So, moral of the story... get an MRI and make sure it isn't a really bad stress fracture. I think vibrams can also cause fascia/ligament/tendon pain since your foot loads the weight differently than with support shoes - so you might want to rule that out too. If it is minor enough that they don't cast you or something, use pain as your indicator. I did things that I would say caused some discomfort - like a 2-3 on a 10 scale. A few times I inadvertently pushed it too far and I did take the next few days off. If it hurts you are doing too much/the wrong activity. Just don't push through the pain though as you can worsen the fracture. Now might be a nice time to do some biking

  3. #3
    I'm not much a biker.. I like actual hiking. I don't think swimming would feel too good either (the up and down of my foot would eeekkk). I don't do anything that causes the pain. Like when I'm hiking I don't actually feel pain but if it gets pushed the wrong direction (which can happen ANY time) that's where it comes.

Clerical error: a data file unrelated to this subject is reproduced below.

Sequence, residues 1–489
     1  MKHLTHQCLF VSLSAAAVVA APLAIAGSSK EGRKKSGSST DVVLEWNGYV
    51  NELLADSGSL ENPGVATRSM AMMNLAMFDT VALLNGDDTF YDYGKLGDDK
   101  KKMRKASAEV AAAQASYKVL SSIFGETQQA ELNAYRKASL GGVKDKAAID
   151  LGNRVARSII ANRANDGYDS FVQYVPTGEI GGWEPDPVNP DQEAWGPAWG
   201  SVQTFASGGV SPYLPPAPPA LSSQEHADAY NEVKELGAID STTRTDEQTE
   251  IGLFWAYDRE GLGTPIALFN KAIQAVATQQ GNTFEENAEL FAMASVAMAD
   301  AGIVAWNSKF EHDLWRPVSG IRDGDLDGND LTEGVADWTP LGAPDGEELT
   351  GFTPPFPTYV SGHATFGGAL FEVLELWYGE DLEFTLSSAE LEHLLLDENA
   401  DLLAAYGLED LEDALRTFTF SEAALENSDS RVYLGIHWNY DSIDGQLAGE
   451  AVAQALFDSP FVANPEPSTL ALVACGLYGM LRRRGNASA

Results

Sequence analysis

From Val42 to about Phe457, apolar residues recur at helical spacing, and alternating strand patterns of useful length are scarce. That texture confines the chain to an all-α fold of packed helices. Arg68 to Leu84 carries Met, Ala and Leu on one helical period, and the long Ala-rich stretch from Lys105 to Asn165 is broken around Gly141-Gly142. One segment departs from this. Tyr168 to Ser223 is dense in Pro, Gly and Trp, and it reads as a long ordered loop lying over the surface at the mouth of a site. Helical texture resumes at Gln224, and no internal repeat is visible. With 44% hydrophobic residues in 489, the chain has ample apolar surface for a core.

Gah i've been to the doc so much lately. I'm 21.. and already out a lot of things for a while. I do get free health care (military). I'll see where the pain takes me and do more research and attempt to punch this thing out on my own though.

  4. #4
    Join Date
    May 2012
    Out of curiosity where did you hike in Maine?

  5. #5
    South Crocker, near Stratton, was meeting up with my brother. Not particularly interesting but I worked a 9 hr shift, got off at 1 am and drove for 15 hours and then hiked straight uphill for 7 miles and then some to meet up with him. Went to Acadia after though and that was neat.

  6. #6
    Join Date
    Jun 2010
    Manchester, NH
    i've worn my vibrams on a few new england hikes, and i try not to wear them on anything over 4,000 feet anymore. the rocks in the alpine zones are too loose and jagged, unless you're on a really heavily climbed mountain like Washington. i'm always fine going up, but coming down usually leads to a lot of foot pain. mine usually only lasts for a few days, but my feet are sort of conditioned for that.
    if you like minimalist footwear while being on a mountain, i really recommend the merrel trail gloves. the closed toe box makes for a much better, no more toe stubbing hike, and the soles are just firm and thick enough to tackle any rock pile...but they're still light and flexible enough to forget you're wearing shoes.

  7. #7
    Join Date
    May 2012
    I haven't been hiking up that way in awhile I need to get back though. Did do a mountain biking trip out to grand falls this spring but I miss the hikes.

  8. #8
    Join Date
    Nov 2011
    Santa Barbara